Potential downsides of compiling with gcc9 and latest binutils?

In the advanced image building options there are 4 options to set the GCC version (defaults to 7, 8&9 available), and 3 options for binutils, which defaults to the middle version.

I've set them both to the newest version (GCC9 and binutils 2.32), and compiled with my normal configuration. Apart from having to de-select USBIP, which failed to compile on latest master from yesterday, the build went well, and is now running on an ath79 test device.

  • Are there any known downsides of using the newer versions?
  • Is the build failure of USB-IP related? (currently building other gcc9 images, so can't try GCC7+usbip for a few more hours) (Note: I also built with -O2; that should always be "safe", no?)
  • If there are no known "big problems", why aren't newest GCC and binutils the default choices?

You can check/search bugs.openwrt.org for compiler version specific bugs.
The main "issue" would be that i suspect most devs/maintainers just go with the default settings for there testrun's and dev. environment. I also think the buildbots do the same, so any problem is missed by simply having done no tests on the none default versions.

I guess that's similar to many distros, adapting a new compiler takes time and often you have to ask the question the other way around. So What real world advantages does a new compiler version brings and why would you want to switch from a stable, tested version.?

In general i would stick with the default compiler, unless you have the need for a specific performance, size improvement by switching. Keep in mind that after switching the compiler, reporting bugs can be problematic, since you would have to reproduce some bug's with the default compiler, just to make sure its not compiler related.

4 Likes

My reasoning here was: "Newer compiler -> Smarter Compiler -> Better optimizations" (More "security/stableness" being a nice side-effect).

(Also, at the beginning, I thought, that for some Debian Buster related reason the old GCC7 was picked by default)

Specifically, I'm doing this to see, if the ipq40xx Gl.Inet B1300 then gets faster. (Very bad ping times at the moment (triple of other (older) devices in same RSN-IBSS)).

In general, I agree. "Well-trodden-path 'n' all"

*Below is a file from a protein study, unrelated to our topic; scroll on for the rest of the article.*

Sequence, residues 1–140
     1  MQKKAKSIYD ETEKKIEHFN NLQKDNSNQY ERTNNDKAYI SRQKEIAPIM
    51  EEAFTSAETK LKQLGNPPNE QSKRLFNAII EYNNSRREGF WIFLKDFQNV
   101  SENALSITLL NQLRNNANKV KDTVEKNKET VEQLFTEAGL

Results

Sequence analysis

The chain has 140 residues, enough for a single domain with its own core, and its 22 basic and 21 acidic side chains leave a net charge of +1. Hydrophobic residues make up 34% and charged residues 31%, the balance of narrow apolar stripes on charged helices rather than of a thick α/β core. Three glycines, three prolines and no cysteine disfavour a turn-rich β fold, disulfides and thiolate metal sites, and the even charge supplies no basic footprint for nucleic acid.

Well, somebody took the time to integrate GCC8 and GCC9 support. Do you happen to know, if it was for a specific target? Is there a roadmap containing GCC{8,9}, like GCC8_for_20.06, then GCC9_for_22.06, or somesuch?

Same for the binutils?

Huh...?

Are you saying that you believe - by compiling the firmware with a different GCC version, that the resulting firmware will perform better when flashed onto the device?

Well, I'm not expecting large gains, but just attempting to dot all the "i"s, and cross all the "t"s. The thinking was: if "terrible" gets better by 10%, that'll already be around 0.15ms won.

1 Like

In general new GCC versions sometimes tend to miscompile code, for example at some point in the past, some new GCC major release miscompiled hostapd, opening potential security vulnerabilities on MIPS.

Its usually no issue to port/use new GCC on mainstream architectures like x86 or arm, but for less common targets, scrutiny is advised

2 Likes

Jow, +1 for this info. Just what I wanted to hear/know. Well, not "that" precisely, but information of this type.

I use a lot of MIPS here, which I assumed to be a "Mainstream" arch, but your first paragraph now gives me pause, especially with the enumeration in the second paragraph lacking "MIPS".

And GCC8 was never considered mature/good enough, and is being skipped? Or what are the future toolchain roadmap plans?

Until just ~2-3 weeks ago, gcc-9 was ridden with ICEs when compiling 32 bit/ i686 kernels (which is barely an exotic arch, nor an exotic codebase)…

New toolchain components (gcc and binutils in particular) just need a little time to mature, for the big bugs to be fleshed out.